On this page we will highlight the impacts that in-home services have on those who receive services and those who provide services. If you have a story you would like to include on this website, please email email@example.com.
My heart broke a little bit earlier this week. At the same time I was heartened, knowing we play a critical role in connecting our clients with needed care.
A volunteer called saying one of their people was extremely short of breath and was having difficulty speaking. Their “person” is a young 95 year old, legally blind, lives alone, doctors infrequently and has no family. Along with a formal Power of Attorney for finances, we are their only connection to the “outside world”. Six days a week we bring not just a meal, but also a conversation with a smile in our voices to this individual.
I called the client to check in and see how they were doing; not so good. They could barely talk, needing to take a breath after every 1-3 words. They were confused, when they’re usually very alert.
Initially, they were not interested in having us call 911. I asked them if they wanted us to call their doctor (they have difficulty seeing the buttons to dial out). They said they didn’t really have one. I asked where they usually went for medical care, and if I could call there. They replied “they wouldn’t know me.”
Their breathing remained shallow and labored. I could hear the anxiety in their voice and change in timbre. I could see their confusion in making a relatively simple decision – part of their mind knowing they should get help, but also uncertain if they “really” needed medical care.
I gently asked what they wanted to do to get help with their breathing. They replied “Well, I guess I should go see a doctor.” I quietly told them I was concerned about their difficulty breathing and that, since they don’t have a regular doctor, I thought it would be a good idea for the EMTs to come and help them get medical attention. They agreed.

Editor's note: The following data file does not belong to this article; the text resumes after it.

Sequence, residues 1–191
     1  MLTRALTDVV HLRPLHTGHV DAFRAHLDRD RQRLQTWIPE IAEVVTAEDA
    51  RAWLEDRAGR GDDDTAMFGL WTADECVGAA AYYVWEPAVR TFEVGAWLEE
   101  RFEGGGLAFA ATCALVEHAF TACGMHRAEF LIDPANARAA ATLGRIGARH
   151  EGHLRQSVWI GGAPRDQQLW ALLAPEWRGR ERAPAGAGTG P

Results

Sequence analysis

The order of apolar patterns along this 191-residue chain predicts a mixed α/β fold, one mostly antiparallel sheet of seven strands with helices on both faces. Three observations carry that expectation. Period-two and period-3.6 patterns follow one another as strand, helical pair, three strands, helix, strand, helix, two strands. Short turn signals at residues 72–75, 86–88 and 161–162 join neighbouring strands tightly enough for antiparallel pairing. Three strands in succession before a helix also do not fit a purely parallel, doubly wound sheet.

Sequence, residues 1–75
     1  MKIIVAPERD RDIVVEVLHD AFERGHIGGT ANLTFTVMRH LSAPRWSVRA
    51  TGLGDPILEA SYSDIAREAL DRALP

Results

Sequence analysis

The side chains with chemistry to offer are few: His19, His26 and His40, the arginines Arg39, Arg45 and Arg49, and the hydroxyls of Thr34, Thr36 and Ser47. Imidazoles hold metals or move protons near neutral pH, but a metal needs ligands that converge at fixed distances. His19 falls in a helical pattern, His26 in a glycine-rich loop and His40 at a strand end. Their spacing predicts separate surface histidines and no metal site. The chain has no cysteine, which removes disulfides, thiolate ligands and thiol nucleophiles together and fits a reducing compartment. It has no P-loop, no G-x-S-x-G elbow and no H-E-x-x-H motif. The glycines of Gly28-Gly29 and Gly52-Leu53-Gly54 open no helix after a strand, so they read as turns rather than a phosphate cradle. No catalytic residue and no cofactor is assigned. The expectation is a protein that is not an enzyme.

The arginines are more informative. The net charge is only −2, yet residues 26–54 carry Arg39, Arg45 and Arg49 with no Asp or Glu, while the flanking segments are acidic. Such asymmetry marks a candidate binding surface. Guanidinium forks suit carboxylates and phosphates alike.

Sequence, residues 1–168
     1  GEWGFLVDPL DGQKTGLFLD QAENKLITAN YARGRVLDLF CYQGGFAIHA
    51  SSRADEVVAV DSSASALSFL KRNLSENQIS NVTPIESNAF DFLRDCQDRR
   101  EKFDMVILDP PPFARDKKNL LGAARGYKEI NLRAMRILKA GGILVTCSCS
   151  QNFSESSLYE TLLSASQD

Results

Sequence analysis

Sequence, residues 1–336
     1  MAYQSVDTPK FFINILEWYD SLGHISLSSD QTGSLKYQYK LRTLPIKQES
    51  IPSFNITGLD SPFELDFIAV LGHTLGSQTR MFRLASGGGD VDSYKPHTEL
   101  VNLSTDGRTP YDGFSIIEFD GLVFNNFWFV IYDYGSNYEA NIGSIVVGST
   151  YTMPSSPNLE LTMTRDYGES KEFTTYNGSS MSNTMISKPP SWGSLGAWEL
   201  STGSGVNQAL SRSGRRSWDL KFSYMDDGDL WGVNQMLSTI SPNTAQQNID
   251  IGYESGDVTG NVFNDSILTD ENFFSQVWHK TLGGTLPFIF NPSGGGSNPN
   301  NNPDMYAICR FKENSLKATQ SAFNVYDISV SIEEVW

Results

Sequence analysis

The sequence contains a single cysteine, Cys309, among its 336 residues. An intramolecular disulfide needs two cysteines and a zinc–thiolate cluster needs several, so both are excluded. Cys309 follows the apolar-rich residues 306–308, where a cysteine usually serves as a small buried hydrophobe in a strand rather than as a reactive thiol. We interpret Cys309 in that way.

I ended the conversation saying I was going to call 911 and would then call them back. With a sigh and crackle in their voice, they said “Oh, I’ve been such a fool…”
“More than a meal” could almost be our tagline.
o Our volunteers let us know when things aren’t “normal” with their people and we follow-up with those concerns.
o Small, handmade cards, placemmats and other crafts from area school-aged children bring a bit of joy to someone who might be feeling a bit “blue”.
o Volunteers encounter situations where their quick response ends up saving lives.
o A birthday card and individual piece of cake (or sugar free candy) is sometimes the only recognition a client receives – not because of cultural or religious preferences, but because they have no one left.
o It’s a brief visit, but we break down the walls of social isolation.
As I finish writing this, I’m saddened as I imagine what it must be like to grow old and to have out-lived family and friends; to be visually impaired to where I can’t even see the buttons on the phone; and to become so confused, when I’m normally very alert, I can’t make decisions for myself. But there is a silver lining: I know that because of Meals on Wheels, because of the care and concern our volunteers have for “their people”, this person received medical attention they might not otherwise have received. Medical attention that sometimes saves a life.